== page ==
The Obama administration just paved the road for per-state legalization of Internet poker and other online gambling activities, a move that might help the government collect additional billions in tax revenue. The Justice Department's decision, which was reached in September and announced last Friday, rewound the clock and basically de-criminalized something that has been a crime since decades ago.
The Justice Department was previously decided in saying that online gambling was illegal because of the Wire Act, passed in 1961. The act illegalizes any wagers made via telecom lines, whether crossing state or national borders.
A new interpretation of the Wire Act by the Office of Legal Counsel implies that this act should only apply to bets on sporting events or contests. That means that states can still allow people to use the Internet to sell lottery tickets to anyone, excepting minors, within or outside its judicial borders.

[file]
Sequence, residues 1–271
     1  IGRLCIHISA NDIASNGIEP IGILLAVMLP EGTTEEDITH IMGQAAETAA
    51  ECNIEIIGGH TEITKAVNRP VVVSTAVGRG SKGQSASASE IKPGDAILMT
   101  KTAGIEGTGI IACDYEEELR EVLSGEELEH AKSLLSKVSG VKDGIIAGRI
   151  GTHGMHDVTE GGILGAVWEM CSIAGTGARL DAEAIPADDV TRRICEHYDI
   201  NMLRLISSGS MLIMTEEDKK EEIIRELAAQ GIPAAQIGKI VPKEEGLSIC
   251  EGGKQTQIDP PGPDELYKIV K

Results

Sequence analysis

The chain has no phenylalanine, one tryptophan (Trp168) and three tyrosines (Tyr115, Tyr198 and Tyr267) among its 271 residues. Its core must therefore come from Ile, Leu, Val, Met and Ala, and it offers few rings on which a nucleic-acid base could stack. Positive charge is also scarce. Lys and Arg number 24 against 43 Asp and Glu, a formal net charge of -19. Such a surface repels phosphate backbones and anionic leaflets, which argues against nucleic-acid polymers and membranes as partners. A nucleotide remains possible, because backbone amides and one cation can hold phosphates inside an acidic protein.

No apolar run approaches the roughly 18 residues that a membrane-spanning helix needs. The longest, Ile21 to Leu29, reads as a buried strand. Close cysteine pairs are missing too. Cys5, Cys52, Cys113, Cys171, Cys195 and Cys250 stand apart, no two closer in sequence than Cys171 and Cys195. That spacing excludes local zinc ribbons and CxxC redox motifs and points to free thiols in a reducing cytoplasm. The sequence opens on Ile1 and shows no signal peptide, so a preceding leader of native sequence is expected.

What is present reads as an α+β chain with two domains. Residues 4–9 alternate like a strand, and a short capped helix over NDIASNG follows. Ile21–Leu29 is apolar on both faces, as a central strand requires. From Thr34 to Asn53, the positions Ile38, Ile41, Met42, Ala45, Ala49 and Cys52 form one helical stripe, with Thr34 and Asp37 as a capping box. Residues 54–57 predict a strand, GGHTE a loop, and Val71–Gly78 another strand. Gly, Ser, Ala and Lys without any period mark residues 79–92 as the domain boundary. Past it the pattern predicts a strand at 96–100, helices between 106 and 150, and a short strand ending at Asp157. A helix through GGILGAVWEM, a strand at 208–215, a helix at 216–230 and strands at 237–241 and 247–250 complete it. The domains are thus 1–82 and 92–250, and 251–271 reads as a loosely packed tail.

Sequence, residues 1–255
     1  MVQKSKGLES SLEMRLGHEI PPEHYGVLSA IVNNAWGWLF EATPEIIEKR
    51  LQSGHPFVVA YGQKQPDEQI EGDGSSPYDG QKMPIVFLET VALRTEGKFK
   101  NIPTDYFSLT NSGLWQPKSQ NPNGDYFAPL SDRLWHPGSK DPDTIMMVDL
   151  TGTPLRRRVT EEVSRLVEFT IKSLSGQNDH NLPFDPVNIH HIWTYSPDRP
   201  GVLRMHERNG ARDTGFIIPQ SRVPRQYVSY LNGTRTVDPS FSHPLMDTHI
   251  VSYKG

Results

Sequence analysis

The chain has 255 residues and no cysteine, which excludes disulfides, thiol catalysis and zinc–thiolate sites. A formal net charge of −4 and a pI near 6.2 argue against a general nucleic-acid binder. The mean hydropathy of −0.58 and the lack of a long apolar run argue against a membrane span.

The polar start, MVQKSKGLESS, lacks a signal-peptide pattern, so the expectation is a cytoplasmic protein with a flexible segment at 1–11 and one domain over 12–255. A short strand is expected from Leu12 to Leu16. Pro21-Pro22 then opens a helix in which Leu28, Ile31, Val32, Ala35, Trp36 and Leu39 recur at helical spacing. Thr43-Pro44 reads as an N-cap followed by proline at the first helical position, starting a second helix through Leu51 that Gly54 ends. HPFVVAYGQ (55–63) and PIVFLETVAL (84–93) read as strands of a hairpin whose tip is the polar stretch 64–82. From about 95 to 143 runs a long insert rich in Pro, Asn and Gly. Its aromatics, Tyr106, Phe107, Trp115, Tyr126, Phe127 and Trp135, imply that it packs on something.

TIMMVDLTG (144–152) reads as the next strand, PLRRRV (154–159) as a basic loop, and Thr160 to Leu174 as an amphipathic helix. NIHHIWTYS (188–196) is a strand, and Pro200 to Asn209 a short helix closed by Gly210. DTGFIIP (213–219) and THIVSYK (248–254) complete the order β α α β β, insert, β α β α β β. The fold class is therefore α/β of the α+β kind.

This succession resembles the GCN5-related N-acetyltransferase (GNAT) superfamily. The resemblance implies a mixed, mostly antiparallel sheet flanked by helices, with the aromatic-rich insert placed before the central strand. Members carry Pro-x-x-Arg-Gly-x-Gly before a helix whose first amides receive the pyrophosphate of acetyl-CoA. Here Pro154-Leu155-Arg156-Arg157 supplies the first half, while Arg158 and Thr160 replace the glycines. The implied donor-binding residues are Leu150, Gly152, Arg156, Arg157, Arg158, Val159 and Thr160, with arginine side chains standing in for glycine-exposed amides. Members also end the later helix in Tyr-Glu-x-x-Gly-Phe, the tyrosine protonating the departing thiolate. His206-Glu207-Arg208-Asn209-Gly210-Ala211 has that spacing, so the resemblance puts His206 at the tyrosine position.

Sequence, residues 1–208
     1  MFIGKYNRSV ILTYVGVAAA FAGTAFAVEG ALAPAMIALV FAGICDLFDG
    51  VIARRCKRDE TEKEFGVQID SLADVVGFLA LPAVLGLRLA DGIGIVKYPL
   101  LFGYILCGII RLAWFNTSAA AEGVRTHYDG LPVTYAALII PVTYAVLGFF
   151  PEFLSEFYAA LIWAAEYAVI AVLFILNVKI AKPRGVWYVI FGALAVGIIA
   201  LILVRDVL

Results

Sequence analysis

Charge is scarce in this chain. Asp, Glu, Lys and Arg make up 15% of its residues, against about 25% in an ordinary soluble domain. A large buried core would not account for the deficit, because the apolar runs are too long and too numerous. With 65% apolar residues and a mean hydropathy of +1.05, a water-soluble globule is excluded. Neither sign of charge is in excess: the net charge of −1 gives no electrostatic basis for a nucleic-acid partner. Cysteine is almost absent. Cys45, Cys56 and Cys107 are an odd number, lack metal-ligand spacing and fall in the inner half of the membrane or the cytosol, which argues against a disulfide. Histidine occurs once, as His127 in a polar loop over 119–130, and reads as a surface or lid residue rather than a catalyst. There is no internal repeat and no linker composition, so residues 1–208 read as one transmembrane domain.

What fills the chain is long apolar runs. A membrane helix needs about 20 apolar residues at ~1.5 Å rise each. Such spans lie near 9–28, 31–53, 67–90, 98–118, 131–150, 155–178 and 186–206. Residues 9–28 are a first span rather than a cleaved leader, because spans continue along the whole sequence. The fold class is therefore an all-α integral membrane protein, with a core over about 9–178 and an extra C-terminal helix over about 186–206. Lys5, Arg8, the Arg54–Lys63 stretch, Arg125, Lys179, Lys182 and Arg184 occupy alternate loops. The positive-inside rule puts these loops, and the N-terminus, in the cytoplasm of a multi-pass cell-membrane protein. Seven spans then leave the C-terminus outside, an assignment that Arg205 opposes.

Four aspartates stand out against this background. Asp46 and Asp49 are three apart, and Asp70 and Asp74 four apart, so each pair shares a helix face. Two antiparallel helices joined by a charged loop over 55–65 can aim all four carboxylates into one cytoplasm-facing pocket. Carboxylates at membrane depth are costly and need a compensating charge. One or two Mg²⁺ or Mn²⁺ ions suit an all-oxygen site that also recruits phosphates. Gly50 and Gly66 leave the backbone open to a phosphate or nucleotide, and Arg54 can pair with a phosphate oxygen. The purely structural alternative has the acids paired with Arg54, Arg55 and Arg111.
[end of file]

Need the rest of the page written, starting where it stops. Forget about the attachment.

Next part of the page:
"The United States Department of Justice has given the online gaming community a big, big present," said I. Nelson Rose, a gaming law expert at Whittier Law School. Nelson Rose provides the government and the gaming industry with legal counsel.
However, the Justice Department's decision will also get rid of "almost every federal anti-gambling law that could apply to gaming that is legal under state laws," as mentioned by Rose on his blog.
States that legalized intra-state poker games and the like, such as Nevada and DC, have a problem particularly because federal laws wouldn't apply against operators of the gambling sites, according to Rose. The Justice Department's take on this says that the legislative history of the law implied that Congress' desire to override current laws was influenced by the desire to put a lid on wired sports gambling.
Miguel Leiva-Gomez is a professional writer with experience in computer sciences, technology, and gadgets. He has written for multiple technology and travel outlets and owns his own tech blog called The Tech Guy, where he writes educational, informative, and sometimes comedic articles for an audience that is less versed in technology.
Edited by Rich Steeves